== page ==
Women are caretakers. They care for children, for parents, for elderly neighbours who don’t have anyone else to watch over them. They act as the glue holding together extended, multigenerational families. And, unfortunately, all too often women are the only caretakers in many families.

This is why so many of the programs offered by Volunteers of America focus on women, especially mothers. We understand the role they play as the foundations of their families and communities. We know we can’t begin to help the children, low-income seniors and many others who depend on these women if we don’t first stabilize the lives of the women themselves. This includes affordable housing, nutrition programs, and even addition and mental health services, depending on the specific situation. By building stronger women, we also hope to build stronger families and communities.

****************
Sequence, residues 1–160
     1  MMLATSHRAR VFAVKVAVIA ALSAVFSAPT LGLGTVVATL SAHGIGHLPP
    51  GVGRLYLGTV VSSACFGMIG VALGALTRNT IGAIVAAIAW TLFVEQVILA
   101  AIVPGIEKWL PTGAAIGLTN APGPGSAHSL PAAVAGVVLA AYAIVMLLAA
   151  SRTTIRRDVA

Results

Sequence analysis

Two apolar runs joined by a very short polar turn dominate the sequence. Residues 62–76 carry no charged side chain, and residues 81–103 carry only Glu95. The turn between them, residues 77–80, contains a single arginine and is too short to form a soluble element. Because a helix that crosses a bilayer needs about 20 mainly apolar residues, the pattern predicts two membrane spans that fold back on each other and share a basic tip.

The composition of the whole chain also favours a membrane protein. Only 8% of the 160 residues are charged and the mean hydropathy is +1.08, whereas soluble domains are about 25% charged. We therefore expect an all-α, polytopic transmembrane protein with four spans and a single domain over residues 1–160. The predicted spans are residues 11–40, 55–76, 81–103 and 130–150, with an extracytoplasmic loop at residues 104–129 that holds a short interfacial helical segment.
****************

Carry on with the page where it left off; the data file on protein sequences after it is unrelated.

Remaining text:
Maud Booth co-founded Volunteers of America on March 8, 1896, in an era when women rarely worked outside the home, let alone led national human service organizations. She understood the benefit of tailoring programs to people’s individual needs and being able to adapt to new social problems presented themselves. Helping women was always a top priority for her, starting with poor widows back in the days before Social Security. Maud remains an inspiration to us at Volunteers of America to this day.

For many years now, we’ve seen a growing number of women veterans joining the ranks of our homeless clients. These women bring with them unique problems that programs designed to help single male veterans fail to address … in particular, that many of these women are mothers with children who must also be accommodated. Military sexual trauma is another challenge that we’re only just now beginning to identify and understand.

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